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5 minutes with…Jonathan Toffolo, Associate, Shearman & Sterling

Q. What’s the first thing you do when you get into the office?

This completely depends on the day. Some days I get in, make a cup of tea, have a chat to colleagues and check the news. On other days my phone is already ringing when I get in the office, so I need to get straight to it and tea needs to wait!


Q. What sort of daily responsibilities does an associate have? How does it differ from a trainee role?

If you wanted to be reductive, you could say checking emails and answering the phone. However, there’s a lot more that goes into it than just that. Responsibilities can include drafting documentation; reviewing documentation provided by the other side and checking against term sheets/precedents/market standard documents/client instructions; reviewing signed documents to advise clients of what steps they need to take/what rights they have when a query or issue has arisen; pro bono work; attending or delivering training; reviewing work completed by juniors/trainees; attending to bills; attending client events including training, pitching and social events and much more. The trainee role includes all of the above, just with more oversight from associates/partners and even more training opportunities.


Q. Can you give us an idea of the sort of projects you manage from day to day? What sort of clients do you generally deal with on a day-to-day basis?

I have a split practice. On the one hand I work on greenfield project financings, typically with international financial institutions, development finance institutions, export credit agencies and commercial lenders for projects in emerging markets (mainly in Africa). On the other hand I work on brownfield infrastructure financings (including for acquisitions) and typically act for sponsors or lenders (including commercial banks and institutional investors). I am also undertaking a number of exciting pro bono matters.

Q. What’s your ideal holiday destination?

A warm city with decent nightlife and maybe a nearby beach.

Q. What is your favourite food?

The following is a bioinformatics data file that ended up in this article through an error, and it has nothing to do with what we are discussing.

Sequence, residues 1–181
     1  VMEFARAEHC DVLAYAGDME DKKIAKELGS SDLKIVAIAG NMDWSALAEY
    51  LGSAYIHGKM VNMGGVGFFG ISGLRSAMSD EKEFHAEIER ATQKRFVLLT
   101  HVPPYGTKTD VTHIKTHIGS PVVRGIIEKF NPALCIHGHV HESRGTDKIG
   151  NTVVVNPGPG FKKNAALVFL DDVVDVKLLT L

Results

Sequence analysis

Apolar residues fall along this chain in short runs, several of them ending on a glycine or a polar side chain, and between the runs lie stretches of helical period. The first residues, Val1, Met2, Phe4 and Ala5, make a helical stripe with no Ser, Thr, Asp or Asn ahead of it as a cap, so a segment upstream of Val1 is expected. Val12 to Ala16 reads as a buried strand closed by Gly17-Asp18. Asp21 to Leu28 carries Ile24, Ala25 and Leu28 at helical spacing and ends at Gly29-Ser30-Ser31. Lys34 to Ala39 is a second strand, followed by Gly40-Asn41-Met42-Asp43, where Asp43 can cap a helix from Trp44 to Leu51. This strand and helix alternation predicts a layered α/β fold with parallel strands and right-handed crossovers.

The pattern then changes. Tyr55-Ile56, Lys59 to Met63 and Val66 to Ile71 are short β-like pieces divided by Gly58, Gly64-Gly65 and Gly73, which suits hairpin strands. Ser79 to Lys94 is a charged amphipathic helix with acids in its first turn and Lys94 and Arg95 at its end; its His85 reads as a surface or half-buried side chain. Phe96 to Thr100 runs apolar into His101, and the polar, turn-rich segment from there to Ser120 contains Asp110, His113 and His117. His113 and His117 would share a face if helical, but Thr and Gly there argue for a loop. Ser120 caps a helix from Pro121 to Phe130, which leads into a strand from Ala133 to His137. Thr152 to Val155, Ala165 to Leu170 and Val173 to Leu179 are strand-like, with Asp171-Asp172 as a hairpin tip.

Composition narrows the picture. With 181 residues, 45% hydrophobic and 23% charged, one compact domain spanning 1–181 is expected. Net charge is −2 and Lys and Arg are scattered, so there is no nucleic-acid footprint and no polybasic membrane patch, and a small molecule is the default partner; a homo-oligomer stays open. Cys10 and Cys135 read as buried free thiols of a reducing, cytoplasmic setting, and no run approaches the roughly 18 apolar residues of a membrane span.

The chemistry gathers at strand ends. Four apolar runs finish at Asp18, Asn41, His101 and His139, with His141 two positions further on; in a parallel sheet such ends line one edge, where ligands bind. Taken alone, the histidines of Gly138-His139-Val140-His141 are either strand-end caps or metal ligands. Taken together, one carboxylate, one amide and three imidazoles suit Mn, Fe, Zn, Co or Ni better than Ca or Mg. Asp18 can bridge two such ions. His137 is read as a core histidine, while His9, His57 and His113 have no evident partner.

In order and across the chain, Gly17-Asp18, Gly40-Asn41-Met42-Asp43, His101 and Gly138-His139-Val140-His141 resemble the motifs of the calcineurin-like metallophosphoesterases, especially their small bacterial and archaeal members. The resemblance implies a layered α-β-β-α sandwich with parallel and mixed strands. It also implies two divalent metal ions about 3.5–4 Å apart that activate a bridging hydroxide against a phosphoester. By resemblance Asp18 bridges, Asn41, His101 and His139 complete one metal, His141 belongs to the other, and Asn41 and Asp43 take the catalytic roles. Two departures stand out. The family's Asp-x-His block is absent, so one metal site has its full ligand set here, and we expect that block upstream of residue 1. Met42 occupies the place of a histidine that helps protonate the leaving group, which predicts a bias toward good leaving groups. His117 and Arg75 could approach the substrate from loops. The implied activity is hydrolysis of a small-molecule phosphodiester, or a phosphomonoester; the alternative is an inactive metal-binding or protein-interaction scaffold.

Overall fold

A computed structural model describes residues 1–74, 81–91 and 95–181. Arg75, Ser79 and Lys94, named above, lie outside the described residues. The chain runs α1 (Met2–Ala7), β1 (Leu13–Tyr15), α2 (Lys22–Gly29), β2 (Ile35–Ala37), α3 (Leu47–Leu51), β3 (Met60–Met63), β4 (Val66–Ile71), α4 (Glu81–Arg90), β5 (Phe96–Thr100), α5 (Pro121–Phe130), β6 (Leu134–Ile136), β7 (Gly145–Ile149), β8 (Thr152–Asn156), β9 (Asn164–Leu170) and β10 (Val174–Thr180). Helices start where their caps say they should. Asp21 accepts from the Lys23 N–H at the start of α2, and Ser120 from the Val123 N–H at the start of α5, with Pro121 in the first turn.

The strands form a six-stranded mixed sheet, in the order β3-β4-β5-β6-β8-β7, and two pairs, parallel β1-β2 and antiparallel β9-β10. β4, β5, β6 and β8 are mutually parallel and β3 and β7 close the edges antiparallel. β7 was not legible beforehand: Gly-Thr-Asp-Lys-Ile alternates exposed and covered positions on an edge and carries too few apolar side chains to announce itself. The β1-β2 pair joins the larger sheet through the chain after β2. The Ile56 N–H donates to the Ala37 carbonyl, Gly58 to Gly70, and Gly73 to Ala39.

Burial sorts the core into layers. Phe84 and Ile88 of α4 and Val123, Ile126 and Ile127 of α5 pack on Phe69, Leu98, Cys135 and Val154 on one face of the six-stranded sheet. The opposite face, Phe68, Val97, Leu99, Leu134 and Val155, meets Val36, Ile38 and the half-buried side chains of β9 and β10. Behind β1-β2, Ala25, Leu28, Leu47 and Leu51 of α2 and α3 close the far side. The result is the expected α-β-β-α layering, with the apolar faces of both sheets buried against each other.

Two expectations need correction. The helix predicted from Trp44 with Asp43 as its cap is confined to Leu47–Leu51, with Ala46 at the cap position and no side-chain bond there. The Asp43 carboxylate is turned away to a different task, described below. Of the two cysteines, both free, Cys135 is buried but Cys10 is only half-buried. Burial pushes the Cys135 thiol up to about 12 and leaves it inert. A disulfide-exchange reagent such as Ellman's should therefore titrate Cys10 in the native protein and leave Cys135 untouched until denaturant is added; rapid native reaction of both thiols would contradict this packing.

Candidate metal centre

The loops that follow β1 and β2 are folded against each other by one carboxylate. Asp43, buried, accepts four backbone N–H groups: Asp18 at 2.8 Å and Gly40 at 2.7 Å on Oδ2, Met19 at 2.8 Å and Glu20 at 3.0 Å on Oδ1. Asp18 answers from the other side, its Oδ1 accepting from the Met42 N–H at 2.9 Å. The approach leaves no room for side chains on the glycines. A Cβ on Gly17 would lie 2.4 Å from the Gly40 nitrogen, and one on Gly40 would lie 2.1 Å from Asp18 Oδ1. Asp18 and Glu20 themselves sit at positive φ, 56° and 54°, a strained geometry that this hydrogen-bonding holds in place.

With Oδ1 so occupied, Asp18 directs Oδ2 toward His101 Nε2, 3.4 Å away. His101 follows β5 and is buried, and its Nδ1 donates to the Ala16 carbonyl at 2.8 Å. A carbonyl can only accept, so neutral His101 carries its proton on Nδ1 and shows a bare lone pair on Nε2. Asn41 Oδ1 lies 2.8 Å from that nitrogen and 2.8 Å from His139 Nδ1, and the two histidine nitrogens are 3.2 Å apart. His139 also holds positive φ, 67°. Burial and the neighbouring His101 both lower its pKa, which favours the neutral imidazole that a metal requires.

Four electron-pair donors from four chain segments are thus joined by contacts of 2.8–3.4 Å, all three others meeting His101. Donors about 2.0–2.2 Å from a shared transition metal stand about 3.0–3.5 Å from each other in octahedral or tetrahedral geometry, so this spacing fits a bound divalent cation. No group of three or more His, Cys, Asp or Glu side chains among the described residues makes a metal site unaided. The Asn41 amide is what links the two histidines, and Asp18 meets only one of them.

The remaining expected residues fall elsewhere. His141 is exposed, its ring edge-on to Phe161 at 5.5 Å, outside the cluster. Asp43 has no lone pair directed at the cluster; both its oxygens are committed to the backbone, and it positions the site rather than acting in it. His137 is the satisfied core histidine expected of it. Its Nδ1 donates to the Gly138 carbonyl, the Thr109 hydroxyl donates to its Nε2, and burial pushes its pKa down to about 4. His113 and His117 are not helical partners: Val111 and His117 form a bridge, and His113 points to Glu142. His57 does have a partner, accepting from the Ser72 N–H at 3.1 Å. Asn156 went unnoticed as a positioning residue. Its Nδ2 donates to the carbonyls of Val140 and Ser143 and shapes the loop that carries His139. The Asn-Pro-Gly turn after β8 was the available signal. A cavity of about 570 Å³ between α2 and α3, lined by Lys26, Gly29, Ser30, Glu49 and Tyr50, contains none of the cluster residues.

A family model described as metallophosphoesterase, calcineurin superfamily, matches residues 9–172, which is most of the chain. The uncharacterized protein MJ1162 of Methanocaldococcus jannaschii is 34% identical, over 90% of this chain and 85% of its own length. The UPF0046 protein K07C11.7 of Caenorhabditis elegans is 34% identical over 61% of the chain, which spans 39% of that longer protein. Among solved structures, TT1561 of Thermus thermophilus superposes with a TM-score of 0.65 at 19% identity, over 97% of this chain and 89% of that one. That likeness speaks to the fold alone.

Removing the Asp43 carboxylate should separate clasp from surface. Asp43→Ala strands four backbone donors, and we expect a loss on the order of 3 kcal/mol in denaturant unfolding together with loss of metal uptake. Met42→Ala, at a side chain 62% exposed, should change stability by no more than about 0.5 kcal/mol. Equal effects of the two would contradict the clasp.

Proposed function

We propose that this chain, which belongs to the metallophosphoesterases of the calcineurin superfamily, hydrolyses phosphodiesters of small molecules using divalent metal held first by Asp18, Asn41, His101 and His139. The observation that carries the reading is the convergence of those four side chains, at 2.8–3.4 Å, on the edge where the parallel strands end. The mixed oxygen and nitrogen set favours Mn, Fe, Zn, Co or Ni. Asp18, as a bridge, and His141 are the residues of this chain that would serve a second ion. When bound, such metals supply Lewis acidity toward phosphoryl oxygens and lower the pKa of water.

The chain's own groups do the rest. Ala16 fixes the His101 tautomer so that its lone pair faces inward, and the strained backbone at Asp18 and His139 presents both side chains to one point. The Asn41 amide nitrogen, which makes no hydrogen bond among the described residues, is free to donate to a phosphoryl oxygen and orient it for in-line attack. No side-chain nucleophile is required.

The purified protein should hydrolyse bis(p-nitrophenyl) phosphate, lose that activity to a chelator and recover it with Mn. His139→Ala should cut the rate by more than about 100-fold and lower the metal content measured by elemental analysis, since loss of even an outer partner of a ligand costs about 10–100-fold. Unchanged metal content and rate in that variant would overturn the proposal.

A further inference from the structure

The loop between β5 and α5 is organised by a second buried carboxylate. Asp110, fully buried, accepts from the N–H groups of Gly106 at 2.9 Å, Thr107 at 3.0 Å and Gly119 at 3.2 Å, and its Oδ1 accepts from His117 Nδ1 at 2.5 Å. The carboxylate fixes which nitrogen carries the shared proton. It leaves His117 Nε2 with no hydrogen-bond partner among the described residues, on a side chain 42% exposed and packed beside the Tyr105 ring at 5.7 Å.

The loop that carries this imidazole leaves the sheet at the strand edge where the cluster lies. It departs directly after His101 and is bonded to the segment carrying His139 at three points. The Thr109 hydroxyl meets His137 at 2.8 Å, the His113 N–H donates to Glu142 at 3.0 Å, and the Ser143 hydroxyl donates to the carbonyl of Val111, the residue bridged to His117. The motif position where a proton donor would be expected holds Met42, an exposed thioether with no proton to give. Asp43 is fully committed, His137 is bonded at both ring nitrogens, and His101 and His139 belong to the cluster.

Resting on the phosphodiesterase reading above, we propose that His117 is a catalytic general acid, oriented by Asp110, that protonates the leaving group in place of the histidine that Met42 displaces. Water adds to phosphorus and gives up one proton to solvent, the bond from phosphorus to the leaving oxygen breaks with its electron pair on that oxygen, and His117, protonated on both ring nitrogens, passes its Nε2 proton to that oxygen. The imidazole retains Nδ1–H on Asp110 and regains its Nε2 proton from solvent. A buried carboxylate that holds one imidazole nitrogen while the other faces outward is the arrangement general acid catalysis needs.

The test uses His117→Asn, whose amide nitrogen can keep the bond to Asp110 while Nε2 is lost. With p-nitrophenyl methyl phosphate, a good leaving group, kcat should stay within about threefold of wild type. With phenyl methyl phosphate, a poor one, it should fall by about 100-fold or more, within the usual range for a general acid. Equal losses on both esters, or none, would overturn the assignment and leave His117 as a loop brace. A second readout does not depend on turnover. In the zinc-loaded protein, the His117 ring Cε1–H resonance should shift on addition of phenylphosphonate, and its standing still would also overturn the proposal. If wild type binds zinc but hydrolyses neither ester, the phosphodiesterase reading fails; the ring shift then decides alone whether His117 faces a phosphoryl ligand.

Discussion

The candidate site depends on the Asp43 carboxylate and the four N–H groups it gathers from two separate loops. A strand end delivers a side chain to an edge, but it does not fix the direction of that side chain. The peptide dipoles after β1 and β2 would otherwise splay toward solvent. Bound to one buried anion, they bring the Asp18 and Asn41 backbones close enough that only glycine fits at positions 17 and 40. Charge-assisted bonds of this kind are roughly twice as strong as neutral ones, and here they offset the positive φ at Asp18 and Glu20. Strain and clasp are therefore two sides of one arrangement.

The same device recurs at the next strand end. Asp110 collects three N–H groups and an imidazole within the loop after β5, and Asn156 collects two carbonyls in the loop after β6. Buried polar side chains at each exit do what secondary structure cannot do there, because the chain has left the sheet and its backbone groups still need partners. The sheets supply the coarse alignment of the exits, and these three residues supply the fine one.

Anything from any country in Asia.

Q. In your experience, what qualities or attributes does an associate need?

You need a good sense of humour, the ability to work in a team and understand the big picture so you can ensure your work product fits neatly into the overall puzzle, curiosity and a healthy degree of cynicism in order to help you investigate things that ‘don’t quite seem right’ and ask appropriate questions. It also helps to be resilient. By that I don’t mean being able to work for hours on end with no sleep—I mean managing your time effectively and keeping an eye on your health (both mental and physical) to ensure that you don’t burn out.

Q. How would you describe your workload? Do busy periods alternate with lulls or is it all go, go, go?

It really depends as a lot of my work can be affected by external factors such as elections or other political incidents. There are certainly busy periods (e.g. the run-up to summer and Christmas) and lulls (e.g. during summer). It also depends where the project is based and where the clients are. For example, if a lot of your work is with Middle Eastern clients, you may find there is a lull over Ramadan. If you work a lot in Asia, there may be a lull during the mid-autumn festival or Lunar New Year. Often I am on multiple deals in different jurisdictions though, so someone somewhere will always need something, but that works well for me as I much prefer to have something going on.

Q. What songs best describes your work ethic?

‘Work’ by Rihanna.

Q. What would your superpower be and why?

Probably teleporting, so I could save on CO2 emissions when going abroad (and also have more food options at lunch time).

Q. Have you had any particularly memorable cases while working at Shearman & Sterling?

I think my most memorable deal so far was also one of the biggest deals I have done. It was a large-scale refinancing and we were working incredibly hard for a few months, with not a great deal of sleep. Every possible issue that could come up did come up. This probably sounds awful, but actually it’s doing that kind of deal where you learn the most. I hadn’t worked with the other associates on a deal before since joining Shearman, so it was also a great way of getting to know them. After that deal we are all far more in sync and each have one another’s backs. This means we can now manage our deal load super efficiently and also help each other out if any of us are under water.

Q. What was the last gift you gave someone?

Most likely a bottle of something; I’m not very inventive with gift-giving.

Q. What two items would you take with you to a desert island?

A satellite phone and a lighter.

Q. What advice would you give to aspiring lawyers?

Attend open days and try and to meet the people you could one day be working with. It will give you such a better insight into what a firm is really like than their websites.

Q. If you won £10 million on the lottery, what’s the first thing would you do?

Obviously I wouldn’t resign… I would definitely buy a house or three and then, if I had any money left over, maybe tell my friends and family that I won a bit of money on the lottery!